Heading toward the Facebook recommendation engine

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There’s an interesting thread over at Mike Blumenthal’s blog on the effect of Facebook Places on the local reviews space.

My view is that reviews and updates will coexist, much as blogs and Twitter coexist. People who were less committed to reviews will migrate their activity to Facebook Places updates. But Places could lead toward the ultimate recommendation engine.

In the local space, there’s really only one review site that matters: Yelp. They’ve got a strong set of tools and an active and engaged community. New restaurants and bars, which are often of the most interest, will have a dozen reviews on Yelp a year before they even show up on many Yellow Pages sites.

There are three big challenges with Yelp:

  • It’s been too successful. Many restaurants have hundreds of reviews. Although Yelp provides great tools for analyzing the data, it can still feel overwhelming. It also discourages participation from more casual users. In the early days of Yelp, I was an active reviewer. That’s tapered off substantially — what’s the marginal benefit of me writing the 426th review of a place?
  • These aren’t my real friends. I don’t know how compatible their tastes are with mine. It also affects the propensity to write reviews. People are more likely to do something that helps their friends than something that helps a generic audience.
  • Skewed demographics. Yelp primarily caters to a young, urban demographic. If you’re a mom in the suburbs, its value is more limited.

Facebook Places lowers the bar to participation and ties it into real-life social networks. Instead of writing out a long review, a few clicks is all it takes. Combine that with Facebook’s large user base on mobile devices — its monthly uniques on mobile devices is 4x Yelp’s monthly uniques on the Web — and we’ll see a tsunami of local data. (For more on importance of massive amounts of data, watch Google’s Peter Norvig’s talk.)

While each blip may not be as rich as the data in Yelp, you could build a recommendation engine to infer a lot from that data.

If I see that a place I am considering visiting is regularly frequented by my friends with families, I can infer that it is good for kids. Positive reviews can be inferred by friends going back to a place regularly. There are some friends who I have negative taste relationships with. If I know that they’re regulars somewhere, I know not to go there. Facebook can also make recommendations based on places I’ve visited and the overlaps with places my friends have visited. Facebook also has real demographic information which could be used to tailor recommendations.

Status updates in the social network also prompt discussions. Even if the original poster doesn’t write a review, it may be followed up by “hey, I was thinking of going there. what did you think of it?” Facebook could also close the loop by prompting people to add star ratings, Like or add comments a few days after a check in.

When it comes to restaurant reviews and recommendations, most people are looking for “good enough”. While you could spend hours reading every Yelp review of several restaurants and possibly get a better answer, a recommendation based on your friends’ activity is probably nearly as good. Facebook has done really well with good enough; Facebook Photos dominates online photo sharing, despite many functional weaknesses when compared with flickr.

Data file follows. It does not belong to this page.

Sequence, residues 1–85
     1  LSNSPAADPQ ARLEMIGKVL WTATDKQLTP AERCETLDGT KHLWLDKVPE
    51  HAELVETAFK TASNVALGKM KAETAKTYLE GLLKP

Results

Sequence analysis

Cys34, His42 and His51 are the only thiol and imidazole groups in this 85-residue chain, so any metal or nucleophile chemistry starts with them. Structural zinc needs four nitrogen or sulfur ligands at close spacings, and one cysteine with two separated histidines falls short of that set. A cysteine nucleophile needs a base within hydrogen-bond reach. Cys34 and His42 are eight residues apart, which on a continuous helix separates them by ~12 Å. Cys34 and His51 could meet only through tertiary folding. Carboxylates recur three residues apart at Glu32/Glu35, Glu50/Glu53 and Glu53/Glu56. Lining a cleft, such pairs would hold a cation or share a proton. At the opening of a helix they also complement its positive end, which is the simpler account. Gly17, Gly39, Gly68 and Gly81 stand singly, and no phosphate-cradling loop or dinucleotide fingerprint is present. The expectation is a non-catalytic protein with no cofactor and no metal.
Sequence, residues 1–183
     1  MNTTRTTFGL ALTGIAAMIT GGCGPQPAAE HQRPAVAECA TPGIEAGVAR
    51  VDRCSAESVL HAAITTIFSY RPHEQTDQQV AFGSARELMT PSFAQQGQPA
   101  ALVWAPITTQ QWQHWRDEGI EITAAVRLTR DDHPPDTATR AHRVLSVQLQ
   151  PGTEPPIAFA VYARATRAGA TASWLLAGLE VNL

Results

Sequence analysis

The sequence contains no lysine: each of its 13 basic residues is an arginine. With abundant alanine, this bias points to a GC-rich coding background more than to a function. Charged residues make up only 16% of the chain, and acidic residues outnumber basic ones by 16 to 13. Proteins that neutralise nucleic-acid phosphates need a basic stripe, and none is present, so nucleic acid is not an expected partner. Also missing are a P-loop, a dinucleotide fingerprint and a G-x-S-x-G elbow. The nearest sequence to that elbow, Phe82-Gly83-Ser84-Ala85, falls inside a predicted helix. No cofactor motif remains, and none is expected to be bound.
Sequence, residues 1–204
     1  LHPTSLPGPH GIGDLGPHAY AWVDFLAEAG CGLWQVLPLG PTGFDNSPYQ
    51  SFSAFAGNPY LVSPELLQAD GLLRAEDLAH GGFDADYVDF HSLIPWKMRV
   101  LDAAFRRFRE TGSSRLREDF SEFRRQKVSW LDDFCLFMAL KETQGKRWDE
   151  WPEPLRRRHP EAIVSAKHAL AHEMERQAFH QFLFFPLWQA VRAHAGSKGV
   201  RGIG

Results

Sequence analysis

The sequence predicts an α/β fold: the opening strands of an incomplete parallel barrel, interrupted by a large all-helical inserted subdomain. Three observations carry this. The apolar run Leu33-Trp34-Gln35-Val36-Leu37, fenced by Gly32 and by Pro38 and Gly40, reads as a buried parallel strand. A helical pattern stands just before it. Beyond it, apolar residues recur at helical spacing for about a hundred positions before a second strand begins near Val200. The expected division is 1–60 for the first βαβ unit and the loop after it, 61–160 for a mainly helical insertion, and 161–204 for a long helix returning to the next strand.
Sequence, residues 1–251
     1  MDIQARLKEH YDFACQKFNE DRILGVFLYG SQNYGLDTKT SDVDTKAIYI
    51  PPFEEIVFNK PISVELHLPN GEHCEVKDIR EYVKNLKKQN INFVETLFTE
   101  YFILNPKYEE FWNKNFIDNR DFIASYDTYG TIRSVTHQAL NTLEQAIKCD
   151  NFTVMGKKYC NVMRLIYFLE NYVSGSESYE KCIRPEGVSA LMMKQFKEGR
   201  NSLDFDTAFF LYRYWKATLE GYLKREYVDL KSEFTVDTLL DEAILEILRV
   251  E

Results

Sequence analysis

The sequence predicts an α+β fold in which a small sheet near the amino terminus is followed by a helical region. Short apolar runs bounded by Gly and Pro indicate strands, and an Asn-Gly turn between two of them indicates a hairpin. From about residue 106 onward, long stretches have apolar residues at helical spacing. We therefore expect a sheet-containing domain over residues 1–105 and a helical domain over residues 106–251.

I built a prototype of this when I was at AOL Search and even with a few users in the system, it worked really well.

More on: Facebook, local search, Yelp

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About Rakesh Agrawal

Rakesh Agrawal is an analyst focused on the intersection of local, social and mobile. He is a principal analyst at reDesign mobile. Previously, he launched local and mobile products for Microsoft and AOL. He blogs at http://blog.agrawals.org and tweets at @rakeshlobster.
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15 Responses to Heading toward the Facebook recommendation engine

  1. I strongly agree that there will be co-existance…not just because of time constraints/willingness but because of other factors as well…

    In rural America, the density is too low for any significant number of updates…in that situation reviews will hang on much longer.

    I also think that it will likely break down by industry…for entertainment, food venues, check-ins and updates make all kind of sense.

    It is not so clear to me that they make sense for the plumber that comes to you or for that service that you use once in a life time (ie a custom jeweler for the engagement ring or the personal injury attorney).

  2. I agree that check ins aren’t really relevant for service-related businesses.

    I’m not sure that that the rare cases you mentioned are well solved by existing review products. I still worry about how much those are gamed given low density.

    I’m much more likely to address those with a status update like “Anyone know a good jeweler in the area?”

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  12. Seems like this is what Facebook wanted a geolocation check-in company for. But there has to be a way of inferring whom your tastes are negatively correlated with (not just your friends!) and what dimensions (eg “good for kids”) constitute your taste.

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